If you are a Latinist, you have already appreciated the specific epithet for what it means. The dense trichomes that cover the inflorescence bracts give this species its name.
Petalidium setosum is a highly distinctive, scandent shrub that is somewhat ‘special’ among Namibian Petalidium because of its large-ish geographical range… from north central Namibia to extreme southern portions of the country. But wherever it grows, you almost always find it in shallow depressions, indicating it is likely on the needier side of water availability. Its scabrous leaves and its lanceolate (not linear) inflorescence bracts (these densely covered by long, villous trichomes) make this species completely unmistakable.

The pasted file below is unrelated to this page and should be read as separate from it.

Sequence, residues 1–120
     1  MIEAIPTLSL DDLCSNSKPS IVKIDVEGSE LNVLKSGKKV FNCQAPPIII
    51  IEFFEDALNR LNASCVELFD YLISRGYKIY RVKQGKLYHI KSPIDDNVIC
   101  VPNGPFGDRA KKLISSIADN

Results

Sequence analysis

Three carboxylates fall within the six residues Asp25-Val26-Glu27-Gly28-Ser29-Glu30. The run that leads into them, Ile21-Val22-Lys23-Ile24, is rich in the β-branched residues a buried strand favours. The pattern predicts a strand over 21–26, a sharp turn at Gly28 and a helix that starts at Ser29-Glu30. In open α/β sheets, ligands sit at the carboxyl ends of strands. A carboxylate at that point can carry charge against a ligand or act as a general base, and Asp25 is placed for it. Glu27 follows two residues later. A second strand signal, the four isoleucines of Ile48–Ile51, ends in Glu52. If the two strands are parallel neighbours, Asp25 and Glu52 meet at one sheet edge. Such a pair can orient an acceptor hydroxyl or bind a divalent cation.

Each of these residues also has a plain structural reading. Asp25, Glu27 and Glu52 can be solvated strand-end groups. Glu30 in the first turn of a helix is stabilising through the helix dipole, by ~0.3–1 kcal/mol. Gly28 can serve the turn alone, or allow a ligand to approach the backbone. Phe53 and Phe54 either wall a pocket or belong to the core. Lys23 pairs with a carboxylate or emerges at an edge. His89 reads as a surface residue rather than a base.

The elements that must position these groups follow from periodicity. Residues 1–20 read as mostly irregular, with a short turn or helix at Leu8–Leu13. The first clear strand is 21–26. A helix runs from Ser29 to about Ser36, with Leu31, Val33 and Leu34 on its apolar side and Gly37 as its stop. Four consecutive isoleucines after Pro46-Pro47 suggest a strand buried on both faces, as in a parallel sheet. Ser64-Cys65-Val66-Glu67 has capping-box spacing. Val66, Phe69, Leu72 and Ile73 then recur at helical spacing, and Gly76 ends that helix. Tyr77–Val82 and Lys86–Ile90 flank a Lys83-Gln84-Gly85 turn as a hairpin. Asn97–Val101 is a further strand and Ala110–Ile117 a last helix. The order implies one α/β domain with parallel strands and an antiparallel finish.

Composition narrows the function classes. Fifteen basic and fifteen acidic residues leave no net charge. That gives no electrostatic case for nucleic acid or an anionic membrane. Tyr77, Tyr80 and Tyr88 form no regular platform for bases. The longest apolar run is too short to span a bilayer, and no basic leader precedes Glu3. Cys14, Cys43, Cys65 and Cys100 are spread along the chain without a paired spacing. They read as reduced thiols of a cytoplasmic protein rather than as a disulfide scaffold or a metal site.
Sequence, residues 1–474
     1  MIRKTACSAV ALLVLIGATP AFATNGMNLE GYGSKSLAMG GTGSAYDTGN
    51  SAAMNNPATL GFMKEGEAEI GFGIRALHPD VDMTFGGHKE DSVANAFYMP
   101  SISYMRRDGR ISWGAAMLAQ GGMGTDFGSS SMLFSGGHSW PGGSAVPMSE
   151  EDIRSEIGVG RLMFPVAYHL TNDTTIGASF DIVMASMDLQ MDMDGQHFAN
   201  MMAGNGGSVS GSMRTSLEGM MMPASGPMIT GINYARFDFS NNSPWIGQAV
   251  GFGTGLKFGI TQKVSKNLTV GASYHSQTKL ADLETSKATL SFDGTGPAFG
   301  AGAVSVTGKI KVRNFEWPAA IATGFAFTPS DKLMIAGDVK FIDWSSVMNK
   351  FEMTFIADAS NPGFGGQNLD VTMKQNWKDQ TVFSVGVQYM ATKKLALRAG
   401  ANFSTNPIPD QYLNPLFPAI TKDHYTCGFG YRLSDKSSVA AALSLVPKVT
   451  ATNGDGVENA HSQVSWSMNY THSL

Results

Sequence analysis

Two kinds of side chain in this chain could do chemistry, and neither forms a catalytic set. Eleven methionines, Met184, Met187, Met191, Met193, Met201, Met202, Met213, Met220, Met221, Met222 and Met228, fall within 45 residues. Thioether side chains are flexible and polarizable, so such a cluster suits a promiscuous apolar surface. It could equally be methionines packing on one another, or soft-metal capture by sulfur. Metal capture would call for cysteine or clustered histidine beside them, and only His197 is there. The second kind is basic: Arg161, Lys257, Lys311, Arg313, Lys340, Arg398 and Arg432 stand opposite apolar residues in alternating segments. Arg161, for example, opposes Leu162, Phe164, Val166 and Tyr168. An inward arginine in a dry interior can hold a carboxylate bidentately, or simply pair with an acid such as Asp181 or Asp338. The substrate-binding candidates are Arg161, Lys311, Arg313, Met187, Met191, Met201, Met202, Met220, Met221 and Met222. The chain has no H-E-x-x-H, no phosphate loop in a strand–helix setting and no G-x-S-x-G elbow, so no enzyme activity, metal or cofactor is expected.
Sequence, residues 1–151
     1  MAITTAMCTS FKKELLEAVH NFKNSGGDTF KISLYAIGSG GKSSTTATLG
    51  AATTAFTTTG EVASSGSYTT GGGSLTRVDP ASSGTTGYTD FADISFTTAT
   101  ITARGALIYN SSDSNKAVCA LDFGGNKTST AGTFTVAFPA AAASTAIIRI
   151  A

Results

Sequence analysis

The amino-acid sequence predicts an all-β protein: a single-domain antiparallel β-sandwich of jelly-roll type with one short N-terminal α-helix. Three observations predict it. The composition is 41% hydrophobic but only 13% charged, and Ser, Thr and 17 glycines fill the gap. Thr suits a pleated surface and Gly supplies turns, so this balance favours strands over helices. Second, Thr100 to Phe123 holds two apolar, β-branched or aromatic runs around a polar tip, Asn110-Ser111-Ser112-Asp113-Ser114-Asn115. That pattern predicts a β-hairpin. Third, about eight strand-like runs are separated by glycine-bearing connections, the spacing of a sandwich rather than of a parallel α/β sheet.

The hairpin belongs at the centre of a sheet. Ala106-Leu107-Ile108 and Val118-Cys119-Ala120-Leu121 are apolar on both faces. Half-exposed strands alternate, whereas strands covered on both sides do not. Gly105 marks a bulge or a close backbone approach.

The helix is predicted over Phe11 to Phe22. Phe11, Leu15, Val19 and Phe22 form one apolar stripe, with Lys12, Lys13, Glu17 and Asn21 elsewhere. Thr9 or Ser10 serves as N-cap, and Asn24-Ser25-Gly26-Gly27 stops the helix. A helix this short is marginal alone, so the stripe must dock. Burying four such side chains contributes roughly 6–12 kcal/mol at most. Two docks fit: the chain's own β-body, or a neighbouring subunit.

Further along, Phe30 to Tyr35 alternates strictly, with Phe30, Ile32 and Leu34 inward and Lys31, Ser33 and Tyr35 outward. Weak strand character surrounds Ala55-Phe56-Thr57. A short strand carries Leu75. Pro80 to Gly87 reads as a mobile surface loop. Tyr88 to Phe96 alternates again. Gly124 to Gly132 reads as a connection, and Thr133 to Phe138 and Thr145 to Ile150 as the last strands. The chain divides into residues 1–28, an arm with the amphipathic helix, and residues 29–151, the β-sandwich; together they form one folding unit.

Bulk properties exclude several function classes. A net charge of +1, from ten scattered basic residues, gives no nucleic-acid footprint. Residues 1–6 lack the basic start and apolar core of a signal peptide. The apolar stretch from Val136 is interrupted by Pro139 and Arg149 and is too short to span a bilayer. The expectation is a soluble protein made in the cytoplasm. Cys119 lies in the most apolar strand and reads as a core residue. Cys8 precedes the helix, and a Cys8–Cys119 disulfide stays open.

That is, until you find a hybrid. That’s precisely what we think we found on our May 2014 outing (Essie Klaassen, Iain Darbyshire, Leevi Nanyeni, & Co.) in the Kaokoveld: a population of plants perfectly intermediate between Petalidium setosum and P. halimoides. It had the leaves of the former but lacked their scabrousness. It also had flowers that produced a musky odor, just like those of P. setosum. Yet, these plants had inflorescences of the latter—much denser and with linear bracts. Stay tuned for further study…. never a dull, unless it’s scabrous.
Wild collected, Namibia, Tripp & Dexter #887 (RSA-POM) [and numerous other times]; Photo by Erin Tripp